JOURNAL ARTICLE

Life-course events and experiences: association with fruit and vegetable consumption in 3 ethnic groups

C M Devine, W S Wolfe, E A Frongillo, C A Bisogni
Journal of the American Dietetic Association 1999, 99 (3): 309-14
10076582

OBJECTIVE: To examine how life-course experiences and events are associated with current fruit and vegetable consumption in 3 ethnic groups.

DESIGN: A theoretic model developed from previous qualitative research guided the development of a telephone survey. Data were collected on fruit and vegetable consumption, sociodemographic characteristics, ethnic identity, and life-course events and experiences, including food upbringing, social roles, food skills, dietary changes for health, and practice of food traditions.

SUBJECTS/SETTING: Low- to moderate-income adults living in a northeastern US city were selected randomly from 3 ethnic groups: black (n = 201), Hispanic (n = 191), and white (n = 200).

STATISTICAL ANALYSES: Bivariate and multiple linear regression analysis of associations between life-course variables and fruit and vegetable consumption.

RESULTS: Black, Hispanic, and white respondents differed significantly in life-course experiences, family roles, socio-demographic characteristics, and place of birth. Explanatory models for fruit and vegetable consumption differed among ethnic groups and between fruits and vegetables. Among black respondents, a college education was positively associated with fruit consumption; education and family roles contributed most to differences in fruit (R2 = .16) and vegetable (R2 = .09) consumption. Among Hispanic respondents, life-course experiences such as liking fruits and vegetables in youth, making dietary changes for health, and food skills were positively associated with fruit (R2 = .25) and vegetable (R2 = .35) consumption. Among white respondents, socio-demographic characteristics, such as being married with a young child or single with no child and having a garden as an adult, were positively associated with fruit (R2 = .20) and vegetable (R2 = .22) consumption.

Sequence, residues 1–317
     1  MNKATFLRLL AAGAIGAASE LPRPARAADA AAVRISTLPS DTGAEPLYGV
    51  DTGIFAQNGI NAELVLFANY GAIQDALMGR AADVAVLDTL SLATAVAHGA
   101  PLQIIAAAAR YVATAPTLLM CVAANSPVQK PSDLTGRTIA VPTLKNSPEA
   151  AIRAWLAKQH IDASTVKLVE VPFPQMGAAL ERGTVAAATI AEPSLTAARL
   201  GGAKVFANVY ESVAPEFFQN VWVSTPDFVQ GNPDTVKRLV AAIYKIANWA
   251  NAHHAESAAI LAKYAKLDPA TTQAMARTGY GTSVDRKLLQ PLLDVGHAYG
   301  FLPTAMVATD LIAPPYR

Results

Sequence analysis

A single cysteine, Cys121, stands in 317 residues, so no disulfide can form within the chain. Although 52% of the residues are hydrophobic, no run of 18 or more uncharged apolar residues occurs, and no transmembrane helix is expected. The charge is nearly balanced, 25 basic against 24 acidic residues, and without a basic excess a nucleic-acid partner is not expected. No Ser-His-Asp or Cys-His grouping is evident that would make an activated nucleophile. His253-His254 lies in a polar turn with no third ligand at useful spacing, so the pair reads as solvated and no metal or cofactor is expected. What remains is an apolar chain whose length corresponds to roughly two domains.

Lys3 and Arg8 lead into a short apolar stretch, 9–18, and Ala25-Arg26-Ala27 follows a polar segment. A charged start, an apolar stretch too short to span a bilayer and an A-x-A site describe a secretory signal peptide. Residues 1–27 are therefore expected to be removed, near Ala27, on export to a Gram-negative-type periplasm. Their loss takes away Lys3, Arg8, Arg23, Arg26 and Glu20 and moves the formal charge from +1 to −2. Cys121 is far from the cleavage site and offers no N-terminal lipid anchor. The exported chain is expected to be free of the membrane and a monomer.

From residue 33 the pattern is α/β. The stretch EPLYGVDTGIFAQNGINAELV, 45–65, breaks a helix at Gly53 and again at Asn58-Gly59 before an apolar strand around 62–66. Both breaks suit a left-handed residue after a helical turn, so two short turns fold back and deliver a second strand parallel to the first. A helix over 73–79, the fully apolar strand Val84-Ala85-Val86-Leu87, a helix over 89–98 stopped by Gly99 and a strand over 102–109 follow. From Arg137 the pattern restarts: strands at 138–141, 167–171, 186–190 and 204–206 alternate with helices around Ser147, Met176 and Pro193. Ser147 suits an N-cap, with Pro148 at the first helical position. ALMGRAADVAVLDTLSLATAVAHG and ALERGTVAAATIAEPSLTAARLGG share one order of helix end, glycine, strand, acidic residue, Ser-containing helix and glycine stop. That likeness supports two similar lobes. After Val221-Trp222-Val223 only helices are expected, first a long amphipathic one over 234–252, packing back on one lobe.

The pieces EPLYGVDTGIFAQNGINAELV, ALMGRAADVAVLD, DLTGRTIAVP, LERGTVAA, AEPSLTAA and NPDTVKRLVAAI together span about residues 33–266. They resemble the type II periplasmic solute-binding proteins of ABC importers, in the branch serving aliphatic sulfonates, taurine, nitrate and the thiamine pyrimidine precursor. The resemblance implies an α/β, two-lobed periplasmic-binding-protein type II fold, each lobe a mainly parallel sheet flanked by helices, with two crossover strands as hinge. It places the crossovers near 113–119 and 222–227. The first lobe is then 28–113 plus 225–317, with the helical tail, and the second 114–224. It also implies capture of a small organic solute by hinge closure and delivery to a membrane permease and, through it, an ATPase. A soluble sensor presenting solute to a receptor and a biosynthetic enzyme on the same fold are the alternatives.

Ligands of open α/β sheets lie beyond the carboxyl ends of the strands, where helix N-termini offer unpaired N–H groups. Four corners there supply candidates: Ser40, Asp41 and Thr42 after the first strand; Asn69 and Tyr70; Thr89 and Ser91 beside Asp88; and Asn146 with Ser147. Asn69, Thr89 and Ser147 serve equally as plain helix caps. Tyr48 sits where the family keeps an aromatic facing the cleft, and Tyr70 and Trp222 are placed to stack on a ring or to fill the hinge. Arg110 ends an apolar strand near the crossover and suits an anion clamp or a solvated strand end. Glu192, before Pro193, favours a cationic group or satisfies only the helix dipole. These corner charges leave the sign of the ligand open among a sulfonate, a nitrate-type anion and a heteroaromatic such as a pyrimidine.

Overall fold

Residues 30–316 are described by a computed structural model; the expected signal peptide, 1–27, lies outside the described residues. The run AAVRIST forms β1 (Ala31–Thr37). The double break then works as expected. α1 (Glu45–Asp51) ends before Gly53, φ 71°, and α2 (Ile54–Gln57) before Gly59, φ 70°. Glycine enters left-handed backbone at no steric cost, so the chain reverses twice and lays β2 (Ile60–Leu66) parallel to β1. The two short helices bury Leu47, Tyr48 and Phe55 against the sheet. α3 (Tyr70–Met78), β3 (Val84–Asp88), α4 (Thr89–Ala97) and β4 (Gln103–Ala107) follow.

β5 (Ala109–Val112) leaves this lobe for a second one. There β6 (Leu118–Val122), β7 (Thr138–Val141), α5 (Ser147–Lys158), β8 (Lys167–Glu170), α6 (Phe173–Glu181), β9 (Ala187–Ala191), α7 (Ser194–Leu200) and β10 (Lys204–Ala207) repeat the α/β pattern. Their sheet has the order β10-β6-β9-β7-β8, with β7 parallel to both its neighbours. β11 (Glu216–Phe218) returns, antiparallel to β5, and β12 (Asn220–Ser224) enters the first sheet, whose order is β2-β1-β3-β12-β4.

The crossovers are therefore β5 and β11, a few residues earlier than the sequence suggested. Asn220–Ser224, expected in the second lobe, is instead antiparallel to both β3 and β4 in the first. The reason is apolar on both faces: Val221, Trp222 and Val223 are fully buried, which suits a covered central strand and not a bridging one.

APPLICATIONS/CONCLUSIONS: An understanding of the determinants of food choice in different subcultural groups can be used to design effective nutrition interventions to increase fruit and vegetable consumption. Experiences such as eating fresh-picked fruits and vegetables while growing up or vegetable gardening as an adult may enhance fruit and vegetable consumption among members of some ethnic groups.

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